DC Council questions effectiveness of booting enforcement program

D.C. Council members say the city is losing thousands in unpaid fines and allowing dangerous drivers to stay on the road because the Department of Public Work’s traffic enforcement programs have a yearslong backlog.

On Monday, Council member Mary Cheh held a hearing to find out why the agency is lagging in finding drivers and booting their vehicles.

Cheh heads the council’s transportation committee and discovered that DPW has more than 630,000 vehicles from Maryland, Virginia, D.C. and other states with two or more unpaid traffic tickets.

Vehicles with 61-day old tickets are eligible to be booted.

“Certainly there is a lot of money at stake here due to our failure to collect from these outstanding tickets,” Cheh said. “The main focus here is safety.”

Cheh said her committee learned from DPW that there are more than 3,000 vehicles with more than 20 outstanding moving violations and 500 vehicles with more than 40 traffic tickets.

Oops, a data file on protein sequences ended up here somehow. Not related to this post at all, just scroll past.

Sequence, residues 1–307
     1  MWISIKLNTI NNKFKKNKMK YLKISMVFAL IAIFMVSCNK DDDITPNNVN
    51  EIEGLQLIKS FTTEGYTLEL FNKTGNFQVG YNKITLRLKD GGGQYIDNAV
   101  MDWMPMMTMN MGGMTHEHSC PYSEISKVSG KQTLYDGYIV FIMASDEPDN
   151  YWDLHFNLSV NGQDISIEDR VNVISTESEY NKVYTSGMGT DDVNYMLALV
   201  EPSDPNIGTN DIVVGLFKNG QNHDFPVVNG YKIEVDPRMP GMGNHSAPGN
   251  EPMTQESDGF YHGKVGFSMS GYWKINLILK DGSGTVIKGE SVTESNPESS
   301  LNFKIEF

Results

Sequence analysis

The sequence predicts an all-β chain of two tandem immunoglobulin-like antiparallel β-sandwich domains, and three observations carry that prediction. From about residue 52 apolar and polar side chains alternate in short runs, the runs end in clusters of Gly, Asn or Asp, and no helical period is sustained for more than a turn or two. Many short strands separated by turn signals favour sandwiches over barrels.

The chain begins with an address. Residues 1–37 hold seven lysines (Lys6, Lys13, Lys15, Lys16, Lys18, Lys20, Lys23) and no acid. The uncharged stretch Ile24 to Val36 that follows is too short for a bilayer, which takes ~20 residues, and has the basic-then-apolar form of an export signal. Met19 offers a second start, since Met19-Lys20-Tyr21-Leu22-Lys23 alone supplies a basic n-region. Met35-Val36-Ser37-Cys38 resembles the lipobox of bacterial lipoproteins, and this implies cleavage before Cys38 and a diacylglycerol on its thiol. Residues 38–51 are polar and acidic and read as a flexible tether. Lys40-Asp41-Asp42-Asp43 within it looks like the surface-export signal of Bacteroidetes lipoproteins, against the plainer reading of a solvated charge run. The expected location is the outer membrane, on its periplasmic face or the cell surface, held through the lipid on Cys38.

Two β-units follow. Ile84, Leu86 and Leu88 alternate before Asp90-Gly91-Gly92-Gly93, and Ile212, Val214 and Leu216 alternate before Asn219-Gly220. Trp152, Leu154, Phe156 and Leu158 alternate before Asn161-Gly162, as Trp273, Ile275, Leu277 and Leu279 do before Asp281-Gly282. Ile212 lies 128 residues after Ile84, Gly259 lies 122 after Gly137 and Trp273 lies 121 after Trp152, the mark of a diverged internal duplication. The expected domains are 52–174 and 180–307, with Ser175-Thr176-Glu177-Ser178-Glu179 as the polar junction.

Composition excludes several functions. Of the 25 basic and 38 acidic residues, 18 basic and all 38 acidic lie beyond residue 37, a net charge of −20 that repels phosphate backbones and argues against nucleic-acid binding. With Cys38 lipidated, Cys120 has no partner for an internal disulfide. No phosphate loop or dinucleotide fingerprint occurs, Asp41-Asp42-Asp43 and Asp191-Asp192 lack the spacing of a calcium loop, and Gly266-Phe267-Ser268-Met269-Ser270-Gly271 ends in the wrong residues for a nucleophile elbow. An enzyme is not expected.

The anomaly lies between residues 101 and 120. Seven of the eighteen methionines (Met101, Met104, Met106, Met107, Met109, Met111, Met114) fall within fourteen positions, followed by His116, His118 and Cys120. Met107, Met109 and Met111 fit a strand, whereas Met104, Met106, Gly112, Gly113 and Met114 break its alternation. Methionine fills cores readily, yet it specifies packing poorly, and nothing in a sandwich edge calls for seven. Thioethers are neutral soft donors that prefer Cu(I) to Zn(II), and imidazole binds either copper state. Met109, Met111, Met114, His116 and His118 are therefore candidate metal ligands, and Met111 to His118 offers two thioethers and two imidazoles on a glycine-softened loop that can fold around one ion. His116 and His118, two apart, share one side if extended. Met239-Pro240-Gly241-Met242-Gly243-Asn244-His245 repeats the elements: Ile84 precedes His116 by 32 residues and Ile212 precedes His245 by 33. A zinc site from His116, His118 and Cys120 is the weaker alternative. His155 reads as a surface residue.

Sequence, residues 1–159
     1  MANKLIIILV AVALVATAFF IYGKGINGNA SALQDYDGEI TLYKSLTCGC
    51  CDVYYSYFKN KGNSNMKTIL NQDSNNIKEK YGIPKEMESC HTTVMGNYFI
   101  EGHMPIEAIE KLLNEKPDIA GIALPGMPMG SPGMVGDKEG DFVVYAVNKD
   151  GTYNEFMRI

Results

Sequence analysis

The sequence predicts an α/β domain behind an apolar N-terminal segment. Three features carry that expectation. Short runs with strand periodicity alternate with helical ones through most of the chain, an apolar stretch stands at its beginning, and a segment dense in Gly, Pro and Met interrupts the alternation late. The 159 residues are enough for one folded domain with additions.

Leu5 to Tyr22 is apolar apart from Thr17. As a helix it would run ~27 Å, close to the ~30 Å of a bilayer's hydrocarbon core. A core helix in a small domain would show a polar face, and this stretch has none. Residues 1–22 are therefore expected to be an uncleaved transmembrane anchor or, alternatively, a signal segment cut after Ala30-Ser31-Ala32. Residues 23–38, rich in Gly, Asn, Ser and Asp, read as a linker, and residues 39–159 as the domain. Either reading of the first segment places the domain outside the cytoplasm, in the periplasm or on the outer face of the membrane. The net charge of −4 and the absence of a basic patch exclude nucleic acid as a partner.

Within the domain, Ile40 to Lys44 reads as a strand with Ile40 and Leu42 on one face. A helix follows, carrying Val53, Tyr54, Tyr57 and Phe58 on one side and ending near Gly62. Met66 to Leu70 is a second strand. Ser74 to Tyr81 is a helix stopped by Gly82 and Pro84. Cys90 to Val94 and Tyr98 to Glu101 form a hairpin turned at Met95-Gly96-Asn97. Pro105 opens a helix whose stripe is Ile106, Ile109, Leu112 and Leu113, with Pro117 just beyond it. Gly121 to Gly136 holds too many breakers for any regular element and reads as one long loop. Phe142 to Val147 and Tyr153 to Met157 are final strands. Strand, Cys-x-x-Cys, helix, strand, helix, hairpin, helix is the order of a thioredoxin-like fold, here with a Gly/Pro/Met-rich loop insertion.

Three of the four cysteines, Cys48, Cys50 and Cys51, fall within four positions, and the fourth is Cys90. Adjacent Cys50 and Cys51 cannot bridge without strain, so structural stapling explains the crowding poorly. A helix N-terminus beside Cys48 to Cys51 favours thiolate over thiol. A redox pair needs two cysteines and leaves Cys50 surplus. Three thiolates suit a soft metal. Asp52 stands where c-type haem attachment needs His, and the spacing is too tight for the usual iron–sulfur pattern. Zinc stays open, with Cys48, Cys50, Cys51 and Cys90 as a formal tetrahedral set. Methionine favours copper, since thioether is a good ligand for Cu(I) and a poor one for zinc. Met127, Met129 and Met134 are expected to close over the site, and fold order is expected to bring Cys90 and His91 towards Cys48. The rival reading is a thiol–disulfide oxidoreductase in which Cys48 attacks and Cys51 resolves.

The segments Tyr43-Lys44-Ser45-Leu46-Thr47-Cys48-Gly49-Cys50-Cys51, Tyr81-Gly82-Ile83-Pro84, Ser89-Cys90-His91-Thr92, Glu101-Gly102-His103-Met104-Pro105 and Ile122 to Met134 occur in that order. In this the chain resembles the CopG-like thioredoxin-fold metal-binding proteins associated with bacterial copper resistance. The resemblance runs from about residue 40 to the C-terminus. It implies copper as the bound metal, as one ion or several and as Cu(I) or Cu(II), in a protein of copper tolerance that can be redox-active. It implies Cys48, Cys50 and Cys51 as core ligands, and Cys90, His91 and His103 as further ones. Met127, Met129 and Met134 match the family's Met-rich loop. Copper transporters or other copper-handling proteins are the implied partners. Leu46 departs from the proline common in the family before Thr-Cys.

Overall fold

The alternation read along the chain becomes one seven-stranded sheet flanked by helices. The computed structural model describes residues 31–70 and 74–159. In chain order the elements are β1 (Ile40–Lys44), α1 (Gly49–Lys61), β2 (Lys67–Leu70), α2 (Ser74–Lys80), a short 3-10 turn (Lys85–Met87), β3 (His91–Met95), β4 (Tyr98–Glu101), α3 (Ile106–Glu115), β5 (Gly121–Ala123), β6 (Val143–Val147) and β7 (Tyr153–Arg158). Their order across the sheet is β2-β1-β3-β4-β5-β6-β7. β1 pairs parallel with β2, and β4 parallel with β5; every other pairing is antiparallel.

“The most egregious driver, a Virginia driver, has more than 180 moving violations out of 216 total violations,” Cheh said. “And, I’m not talking about the parking tickets here. I’m talking about tickets for speeding and running red lights. These are tickets for dangerous driving behaviors.”

Acting DPW Director Christine Davis said the agency is hampered by the few number of workers, who pair in teams of two, to catch drivers and boot their vehicles.

Plus, she said DPW is still rebounding from the pandemic, which slowed traffic enforcement.

“With enforcement limited for a period of almost 15 months,” Davis said, “our parking enforcement operations were severely impacted by the COVID-19 pandemic. And, DPW temporarily suspended its booting operation.”

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